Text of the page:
"The current system is a qualified failure. For the past decade, transplant operations for all organs have hovered between 27,000 and 29,000 annually, and, in 2014, was the lowest it's been in 11 years.The European model of "presumed consent," wherein a person's organs are taken posthumously unless an individual has specifically forbidden their retrieval, is not a potent solution as less than one percent of deceased individuals are medically eligible to donate.
"Hence, there is a desperate organ shortage in the United States. The situation in other countries, especially poorer countries without good access to dialysis — a death sentence without immediate transplant — is even worse. As a result, the overseas black market is burgeoning. The World Health Organization estimates that 10 percent of all transplants are performed under shadowy, illicit conditions where the risks are high: Corrupt brokers deceive impoverished and illiterate donors about the nature of surgery, cheat them out of payment, and ignore their post-surgical needs. For the recipient, organ quality can be poor and post-operative management dicey. (The exception appears to be Iran, where organ sales are monitored by the government. There, potential donors exceed the number of needy patients.)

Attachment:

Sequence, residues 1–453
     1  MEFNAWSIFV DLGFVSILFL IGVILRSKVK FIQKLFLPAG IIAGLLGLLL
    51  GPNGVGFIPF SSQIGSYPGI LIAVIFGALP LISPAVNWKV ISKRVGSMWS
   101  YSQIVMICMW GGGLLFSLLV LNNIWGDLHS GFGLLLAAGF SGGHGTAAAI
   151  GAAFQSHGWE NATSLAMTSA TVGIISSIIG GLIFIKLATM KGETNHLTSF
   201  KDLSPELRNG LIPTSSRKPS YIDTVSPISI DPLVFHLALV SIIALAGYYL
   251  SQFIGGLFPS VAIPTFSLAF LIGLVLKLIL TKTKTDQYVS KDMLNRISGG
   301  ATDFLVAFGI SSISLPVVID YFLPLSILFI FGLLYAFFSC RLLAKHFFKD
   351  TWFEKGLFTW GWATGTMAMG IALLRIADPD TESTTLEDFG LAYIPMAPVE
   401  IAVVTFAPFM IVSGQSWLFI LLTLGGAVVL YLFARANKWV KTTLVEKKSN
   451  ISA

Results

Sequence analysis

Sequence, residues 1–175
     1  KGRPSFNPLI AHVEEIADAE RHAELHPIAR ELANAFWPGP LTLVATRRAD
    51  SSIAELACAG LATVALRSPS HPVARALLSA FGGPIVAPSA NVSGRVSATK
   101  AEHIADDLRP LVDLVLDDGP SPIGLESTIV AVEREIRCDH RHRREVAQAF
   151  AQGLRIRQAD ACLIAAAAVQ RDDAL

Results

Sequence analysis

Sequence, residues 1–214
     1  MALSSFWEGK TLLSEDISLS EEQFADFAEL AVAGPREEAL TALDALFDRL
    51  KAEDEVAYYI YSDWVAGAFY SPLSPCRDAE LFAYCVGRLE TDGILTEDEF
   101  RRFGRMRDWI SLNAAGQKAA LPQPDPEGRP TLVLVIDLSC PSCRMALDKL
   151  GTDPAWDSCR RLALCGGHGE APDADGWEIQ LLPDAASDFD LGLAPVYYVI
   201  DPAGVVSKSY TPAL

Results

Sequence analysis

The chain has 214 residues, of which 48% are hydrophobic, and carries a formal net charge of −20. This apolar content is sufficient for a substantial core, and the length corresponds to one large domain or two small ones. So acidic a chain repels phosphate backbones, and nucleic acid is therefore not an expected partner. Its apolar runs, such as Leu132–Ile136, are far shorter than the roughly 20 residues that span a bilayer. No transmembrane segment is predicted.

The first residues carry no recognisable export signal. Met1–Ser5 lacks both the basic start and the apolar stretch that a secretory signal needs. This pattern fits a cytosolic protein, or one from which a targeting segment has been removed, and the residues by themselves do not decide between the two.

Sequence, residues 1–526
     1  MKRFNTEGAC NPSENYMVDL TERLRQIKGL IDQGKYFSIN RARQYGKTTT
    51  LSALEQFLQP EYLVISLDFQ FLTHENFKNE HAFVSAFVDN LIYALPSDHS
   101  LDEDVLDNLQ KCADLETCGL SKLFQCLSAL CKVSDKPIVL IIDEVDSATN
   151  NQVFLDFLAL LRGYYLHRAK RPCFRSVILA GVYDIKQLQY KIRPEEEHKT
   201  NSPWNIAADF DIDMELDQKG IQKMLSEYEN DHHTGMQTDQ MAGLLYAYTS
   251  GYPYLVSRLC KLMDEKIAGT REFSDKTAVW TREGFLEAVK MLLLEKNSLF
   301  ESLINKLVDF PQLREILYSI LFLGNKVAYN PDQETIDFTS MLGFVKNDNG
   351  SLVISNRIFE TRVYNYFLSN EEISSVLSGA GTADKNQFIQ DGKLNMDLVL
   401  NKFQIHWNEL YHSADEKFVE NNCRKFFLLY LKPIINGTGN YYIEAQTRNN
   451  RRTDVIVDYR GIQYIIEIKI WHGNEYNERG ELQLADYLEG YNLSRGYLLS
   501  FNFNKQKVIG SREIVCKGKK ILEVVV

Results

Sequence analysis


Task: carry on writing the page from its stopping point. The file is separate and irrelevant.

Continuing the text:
"Compensating organ donors is not a new idea. In 1983, Al Gore, who championed NOTA, explicitly suggested rewarding donors if altruistic volunteering did not keep up with demand. Moreover, NOTA's legislativehistory implies that the law's felony provision against "valuable consideration" in exchange for an organ was intended to prohibit brokered or direct cash sales between buyer and seller. It is silent regarding a system of in-kind, third-party compensation.